MORE, Robert (1703-80), of Linley Hall, nr. Bishop's Castle, Salop.
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Family and Education
b. May 1703, o.s. of Robert More of Linley (formerly a London merchant), by his 2nd w. Sarah, da. of John Walcot of Walcot, Salop. educ. Queens’, Camb. 1723-5. m. (1) 1750, Ellen, da. of Thomas Wilson of Trevallyn, Denb., 2s.; (2) 8 Feb. 1768, Catherine, da. of Thomas More of Millichope, Salop. suc. fa. 1719.
In 1727 More was returned on his own interest for Bishop’s Castle, which his great-grandfather had represented in the Short and Long Parliaments and his uncle 1681, 1689 and 1695-8. In Parliament he voted with the Administration, while his nephew, John Walcot, a Tory, who had recently acquired the manor of Bishop’s Castle, voted with the Opposition. During the last session he abstained from a division on a bill for limiting the number of placemen in the House of Commons, on the ground that,
though he liked the bill, he did not know if the passing it at this time might not embarrass the King’s affairs, as we are going into a war, when it will be necessary the next Parliament should consist of Members that will concur in the court measures, as placemen will be sure to do.1
At the opening of More’s election campaign in 1733 he applied to Walpole for a place for the son of Edward Morris, an influential constituent, without whose support he would
sink under Mr. Walcot’s opposition. And to give you a proof that I have no other view than to prevent the Tory interest, whoever you please shall have the benefit of what you do for Mr. Morris. Whoever you will put up upon that interest, I will freely resign my pretensions to, and assist with my vote interest, and purse.2
On 1 Feb. 1734 Morris reported that three of Walcot’s servants had gone about Bishop’s Castle with a drunken mob (though few of them burgesses) crying ‘down with the roundheads, damn More, down with him’; that Corbet Kynaston, Mytton, and Lyster, all three leading Tories, had persuaded Walcot to give More this opposition—‘your relations take it ill you did not vote sometimes along with Mr. Walcot’; and that ‘Mr. Walcot’s servants give out, they’ll double what any body else do. I am more than £20 out of pocket, I want a bill. I can do nothing without money’.3 More was re-elected, but did not contest the seat in 1741.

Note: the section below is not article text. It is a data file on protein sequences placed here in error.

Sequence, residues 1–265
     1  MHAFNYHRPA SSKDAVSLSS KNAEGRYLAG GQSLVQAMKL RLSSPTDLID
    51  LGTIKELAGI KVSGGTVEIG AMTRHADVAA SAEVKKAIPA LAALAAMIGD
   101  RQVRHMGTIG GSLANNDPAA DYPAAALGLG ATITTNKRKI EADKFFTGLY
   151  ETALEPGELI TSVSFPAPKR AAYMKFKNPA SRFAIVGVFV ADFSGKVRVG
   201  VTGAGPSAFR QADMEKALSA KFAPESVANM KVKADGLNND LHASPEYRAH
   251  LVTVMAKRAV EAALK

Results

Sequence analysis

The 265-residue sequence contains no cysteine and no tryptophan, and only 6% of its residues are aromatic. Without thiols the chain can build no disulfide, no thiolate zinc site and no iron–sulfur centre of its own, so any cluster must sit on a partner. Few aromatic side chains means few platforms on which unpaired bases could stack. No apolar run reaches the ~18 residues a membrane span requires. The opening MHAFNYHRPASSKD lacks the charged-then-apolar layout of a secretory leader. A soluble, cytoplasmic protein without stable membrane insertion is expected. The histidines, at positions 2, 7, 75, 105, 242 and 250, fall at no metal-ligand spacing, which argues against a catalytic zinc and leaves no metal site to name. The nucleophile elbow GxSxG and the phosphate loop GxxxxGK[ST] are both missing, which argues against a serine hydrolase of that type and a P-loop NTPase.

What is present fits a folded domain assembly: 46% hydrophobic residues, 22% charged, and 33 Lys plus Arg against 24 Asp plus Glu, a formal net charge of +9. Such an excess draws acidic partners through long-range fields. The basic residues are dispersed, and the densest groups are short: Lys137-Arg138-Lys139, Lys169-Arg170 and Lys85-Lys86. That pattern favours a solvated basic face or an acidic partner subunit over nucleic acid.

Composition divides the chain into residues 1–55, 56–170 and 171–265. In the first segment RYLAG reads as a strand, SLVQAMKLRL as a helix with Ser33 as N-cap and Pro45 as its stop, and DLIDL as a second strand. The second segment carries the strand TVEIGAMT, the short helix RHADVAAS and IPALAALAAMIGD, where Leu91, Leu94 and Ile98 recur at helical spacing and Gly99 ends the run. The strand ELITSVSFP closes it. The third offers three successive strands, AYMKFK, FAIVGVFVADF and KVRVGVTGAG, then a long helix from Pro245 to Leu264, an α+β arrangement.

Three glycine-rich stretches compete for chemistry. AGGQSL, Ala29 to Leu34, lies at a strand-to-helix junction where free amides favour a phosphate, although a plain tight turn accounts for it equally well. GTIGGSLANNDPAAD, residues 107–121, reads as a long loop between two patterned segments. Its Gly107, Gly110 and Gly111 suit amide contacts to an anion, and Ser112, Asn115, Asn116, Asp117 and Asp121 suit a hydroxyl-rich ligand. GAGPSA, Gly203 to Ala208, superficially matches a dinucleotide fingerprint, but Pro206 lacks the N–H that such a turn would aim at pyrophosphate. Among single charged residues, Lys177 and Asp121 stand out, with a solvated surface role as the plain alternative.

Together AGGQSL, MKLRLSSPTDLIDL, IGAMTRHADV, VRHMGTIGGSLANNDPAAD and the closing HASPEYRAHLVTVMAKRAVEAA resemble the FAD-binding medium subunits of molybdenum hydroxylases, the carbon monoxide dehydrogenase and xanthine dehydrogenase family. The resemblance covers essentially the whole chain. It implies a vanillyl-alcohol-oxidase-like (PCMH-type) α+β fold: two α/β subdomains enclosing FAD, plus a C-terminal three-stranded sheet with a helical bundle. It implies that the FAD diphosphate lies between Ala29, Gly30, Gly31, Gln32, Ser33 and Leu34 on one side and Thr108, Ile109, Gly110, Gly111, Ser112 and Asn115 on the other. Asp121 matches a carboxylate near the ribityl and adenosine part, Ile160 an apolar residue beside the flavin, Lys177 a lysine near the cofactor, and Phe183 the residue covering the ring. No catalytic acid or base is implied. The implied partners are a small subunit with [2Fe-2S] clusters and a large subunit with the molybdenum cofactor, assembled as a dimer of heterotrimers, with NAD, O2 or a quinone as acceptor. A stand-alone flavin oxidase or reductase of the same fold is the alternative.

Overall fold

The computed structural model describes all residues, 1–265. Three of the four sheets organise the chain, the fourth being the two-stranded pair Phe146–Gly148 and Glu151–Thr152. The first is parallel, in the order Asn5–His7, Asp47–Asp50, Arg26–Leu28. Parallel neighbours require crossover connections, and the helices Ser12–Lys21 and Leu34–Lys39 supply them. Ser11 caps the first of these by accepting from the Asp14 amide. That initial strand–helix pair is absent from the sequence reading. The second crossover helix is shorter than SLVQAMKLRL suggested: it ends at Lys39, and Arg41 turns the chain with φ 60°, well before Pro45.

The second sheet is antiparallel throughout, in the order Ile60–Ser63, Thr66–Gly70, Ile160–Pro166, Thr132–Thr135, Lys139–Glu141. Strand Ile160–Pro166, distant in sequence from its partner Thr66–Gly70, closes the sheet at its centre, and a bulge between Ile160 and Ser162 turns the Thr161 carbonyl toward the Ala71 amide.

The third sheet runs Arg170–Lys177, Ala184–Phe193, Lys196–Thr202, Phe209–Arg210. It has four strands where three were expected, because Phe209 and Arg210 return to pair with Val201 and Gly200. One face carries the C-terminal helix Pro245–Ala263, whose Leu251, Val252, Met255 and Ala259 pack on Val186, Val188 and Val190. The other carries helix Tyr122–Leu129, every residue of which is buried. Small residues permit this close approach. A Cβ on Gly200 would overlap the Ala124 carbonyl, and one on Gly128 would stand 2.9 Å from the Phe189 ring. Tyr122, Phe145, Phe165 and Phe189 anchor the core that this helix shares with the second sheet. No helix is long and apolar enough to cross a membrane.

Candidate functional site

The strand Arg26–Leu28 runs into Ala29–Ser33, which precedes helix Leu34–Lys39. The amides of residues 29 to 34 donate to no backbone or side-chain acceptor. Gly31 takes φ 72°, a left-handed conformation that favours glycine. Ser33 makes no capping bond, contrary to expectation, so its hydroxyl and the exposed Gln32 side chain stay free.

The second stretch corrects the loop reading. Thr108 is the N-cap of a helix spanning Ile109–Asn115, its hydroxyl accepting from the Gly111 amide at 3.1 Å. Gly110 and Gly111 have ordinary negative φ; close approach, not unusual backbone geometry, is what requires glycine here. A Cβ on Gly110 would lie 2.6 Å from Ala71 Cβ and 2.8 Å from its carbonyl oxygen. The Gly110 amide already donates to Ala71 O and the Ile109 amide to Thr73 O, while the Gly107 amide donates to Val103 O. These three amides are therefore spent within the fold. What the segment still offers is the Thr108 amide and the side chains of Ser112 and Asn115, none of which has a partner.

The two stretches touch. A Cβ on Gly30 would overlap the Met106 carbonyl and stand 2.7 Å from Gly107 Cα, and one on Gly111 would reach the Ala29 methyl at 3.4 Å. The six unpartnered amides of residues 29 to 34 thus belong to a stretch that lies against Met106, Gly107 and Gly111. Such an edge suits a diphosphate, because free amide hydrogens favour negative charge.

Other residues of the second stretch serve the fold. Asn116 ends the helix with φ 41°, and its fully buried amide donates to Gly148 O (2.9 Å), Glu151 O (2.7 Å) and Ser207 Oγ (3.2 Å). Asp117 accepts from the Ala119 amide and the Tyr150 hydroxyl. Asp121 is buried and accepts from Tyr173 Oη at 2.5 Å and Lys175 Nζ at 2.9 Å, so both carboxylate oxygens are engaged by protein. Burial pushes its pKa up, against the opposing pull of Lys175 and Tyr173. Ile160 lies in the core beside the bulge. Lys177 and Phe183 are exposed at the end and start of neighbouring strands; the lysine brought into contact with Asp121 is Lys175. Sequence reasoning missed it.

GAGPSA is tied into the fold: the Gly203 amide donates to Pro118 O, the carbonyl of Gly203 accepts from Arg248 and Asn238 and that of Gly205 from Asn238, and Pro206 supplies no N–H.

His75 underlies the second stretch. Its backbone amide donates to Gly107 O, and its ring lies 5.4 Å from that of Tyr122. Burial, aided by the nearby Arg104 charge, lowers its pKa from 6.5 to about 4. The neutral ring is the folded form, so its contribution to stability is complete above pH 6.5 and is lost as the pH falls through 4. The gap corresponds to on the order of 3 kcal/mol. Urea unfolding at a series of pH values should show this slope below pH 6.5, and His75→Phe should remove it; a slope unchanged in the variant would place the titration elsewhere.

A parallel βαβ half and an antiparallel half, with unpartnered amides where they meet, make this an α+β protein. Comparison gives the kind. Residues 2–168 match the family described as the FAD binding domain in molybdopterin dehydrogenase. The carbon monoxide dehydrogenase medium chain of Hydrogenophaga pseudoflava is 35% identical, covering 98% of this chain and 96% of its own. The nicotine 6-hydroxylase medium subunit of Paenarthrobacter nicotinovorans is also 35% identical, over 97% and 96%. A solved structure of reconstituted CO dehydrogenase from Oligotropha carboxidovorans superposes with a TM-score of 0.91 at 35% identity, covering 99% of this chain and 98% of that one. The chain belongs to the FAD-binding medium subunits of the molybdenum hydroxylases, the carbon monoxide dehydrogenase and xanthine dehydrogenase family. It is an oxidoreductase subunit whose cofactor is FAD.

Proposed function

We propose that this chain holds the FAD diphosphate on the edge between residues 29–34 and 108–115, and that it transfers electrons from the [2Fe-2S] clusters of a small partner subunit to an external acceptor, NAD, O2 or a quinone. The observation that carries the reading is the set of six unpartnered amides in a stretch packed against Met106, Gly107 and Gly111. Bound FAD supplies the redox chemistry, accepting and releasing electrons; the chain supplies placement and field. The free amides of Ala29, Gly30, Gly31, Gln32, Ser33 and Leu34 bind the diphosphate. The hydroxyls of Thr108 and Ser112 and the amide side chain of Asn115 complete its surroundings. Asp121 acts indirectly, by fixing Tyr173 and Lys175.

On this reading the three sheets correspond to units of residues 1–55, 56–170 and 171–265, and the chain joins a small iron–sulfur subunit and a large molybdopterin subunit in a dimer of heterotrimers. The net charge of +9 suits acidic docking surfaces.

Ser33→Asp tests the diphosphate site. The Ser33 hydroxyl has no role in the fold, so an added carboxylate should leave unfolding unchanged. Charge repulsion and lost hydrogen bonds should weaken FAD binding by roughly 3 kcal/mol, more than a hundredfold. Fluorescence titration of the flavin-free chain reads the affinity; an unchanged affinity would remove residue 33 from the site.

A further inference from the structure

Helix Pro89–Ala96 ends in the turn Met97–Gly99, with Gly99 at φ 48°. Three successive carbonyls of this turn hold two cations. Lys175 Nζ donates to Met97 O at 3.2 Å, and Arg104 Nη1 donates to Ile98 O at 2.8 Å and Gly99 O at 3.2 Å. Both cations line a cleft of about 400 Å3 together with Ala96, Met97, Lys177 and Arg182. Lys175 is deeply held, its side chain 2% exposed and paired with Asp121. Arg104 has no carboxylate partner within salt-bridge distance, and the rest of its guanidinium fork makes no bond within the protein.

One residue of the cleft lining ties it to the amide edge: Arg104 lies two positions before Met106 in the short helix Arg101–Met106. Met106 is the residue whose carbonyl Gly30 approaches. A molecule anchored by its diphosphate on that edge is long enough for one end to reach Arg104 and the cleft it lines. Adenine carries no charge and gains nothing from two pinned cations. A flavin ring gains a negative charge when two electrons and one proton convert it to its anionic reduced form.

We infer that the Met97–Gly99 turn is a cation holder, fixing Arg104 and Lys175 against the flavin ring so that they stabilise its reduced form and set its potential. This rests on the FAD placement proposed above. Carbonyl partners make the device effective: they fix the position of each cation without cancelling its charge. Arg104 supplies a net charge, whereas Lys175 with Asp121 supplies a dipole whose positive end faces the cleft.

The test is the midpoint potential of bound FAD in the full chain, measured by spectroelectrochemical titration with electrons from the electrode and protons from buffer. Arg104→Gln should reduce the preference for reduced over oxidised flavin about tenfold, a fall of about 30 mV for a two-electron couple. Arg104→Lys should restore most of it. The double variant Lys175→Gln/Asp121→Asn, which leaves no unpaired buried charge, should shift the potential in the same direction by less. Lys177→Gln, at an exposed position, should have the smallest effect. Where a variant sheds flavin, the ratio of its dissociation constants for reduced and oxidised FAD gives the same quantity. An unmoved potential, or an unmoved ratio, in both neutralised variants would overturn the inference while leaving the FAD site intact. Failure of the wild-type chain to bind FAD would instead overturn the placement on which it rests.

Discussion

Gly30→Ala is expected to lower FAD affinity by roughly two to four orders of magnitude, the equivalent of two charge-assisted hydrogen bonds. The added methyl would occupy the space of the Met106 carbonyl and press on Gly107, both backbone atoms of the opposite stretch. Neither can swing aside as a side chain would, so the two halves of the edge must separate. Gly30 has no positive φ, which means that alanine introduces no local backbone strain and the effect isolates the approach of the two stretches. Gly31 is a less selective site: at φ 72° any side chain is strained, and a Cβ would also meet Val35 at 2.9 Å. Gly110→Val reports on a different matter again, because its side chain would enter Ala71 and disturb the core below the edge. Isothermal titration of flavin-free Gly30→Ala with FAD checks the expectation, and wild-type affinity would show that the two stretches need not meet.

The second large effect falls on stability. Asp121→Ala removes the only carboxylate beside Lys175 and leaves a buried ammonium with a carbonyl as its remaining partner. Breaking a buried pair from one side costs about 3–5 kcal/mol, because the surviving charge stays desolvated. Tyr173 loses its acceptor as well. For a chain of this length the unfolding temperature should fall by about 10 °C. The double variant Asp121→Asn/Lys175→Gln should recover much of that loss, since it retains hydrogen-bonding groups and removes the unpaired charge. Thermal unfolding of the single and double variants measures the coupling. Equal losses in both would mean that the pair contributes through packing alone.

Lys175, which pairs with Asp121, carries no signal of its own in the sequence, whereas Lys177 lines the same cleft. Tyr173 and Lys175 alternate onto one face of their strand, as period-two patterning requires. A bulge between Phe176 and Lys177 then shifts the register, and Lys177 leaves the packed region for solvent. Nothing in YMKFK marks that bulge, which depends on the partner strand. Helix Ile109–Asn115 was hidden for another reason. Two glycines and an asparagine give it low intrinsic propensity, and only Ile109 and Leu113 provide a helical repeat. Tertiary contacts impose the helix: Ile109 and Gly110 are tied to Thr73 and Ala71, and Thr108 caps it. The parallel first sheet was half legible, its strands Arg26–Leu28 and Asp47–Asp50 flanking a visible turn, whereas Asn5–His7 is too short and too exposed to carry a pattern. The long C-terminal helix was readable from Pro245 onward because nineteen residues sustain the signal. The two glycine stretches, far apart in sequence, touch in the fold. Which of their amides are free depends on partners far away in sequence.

More’s only recorded speeches were made in 1736 on the mortmain bill, when he spoke with ‘warmth and bitterness’ against the universities,4 and on a bill, which he helped to prepare and bring in, for explaining the Bribery Act of 1729. He was a member of the parliamentary gaols committee of 1729, revived in 1730; and of the common council of the Georgia Society, set up by royal charter in 1732, from which in 1736 he and John White jointly resigned, continuing however to act as trustees. Their ostensible reason for resigning was ‘their absence from town the greatest part of the year and their parliamentary business when in town’. It was thought, however, that White, ‘a professed Dissenter’, resigned because the council would not ‘leave room for public encouragement to set up dissenting congregations in Georgia’ but did appropriate land for endowing the church of England, and that he had persuaded More to resign with him.5
While out of Parliament More spent a good deal of his time on foreign travel. Two of his journeys can be traced in a passport and through correspondence preserved at Linley Hall, which he started building in 1742 from designs by Henry Joynes, long employed at Blenheim Palace as clerk of the works to Vanbrugh. In 1749 he set out for Portugal, and in October was at Madrid; most of 1750 he spent in Italy, returning about the end of the year by way of Vienna and Leipzig to England. In 1751 he visited Scandinavia, Russia, an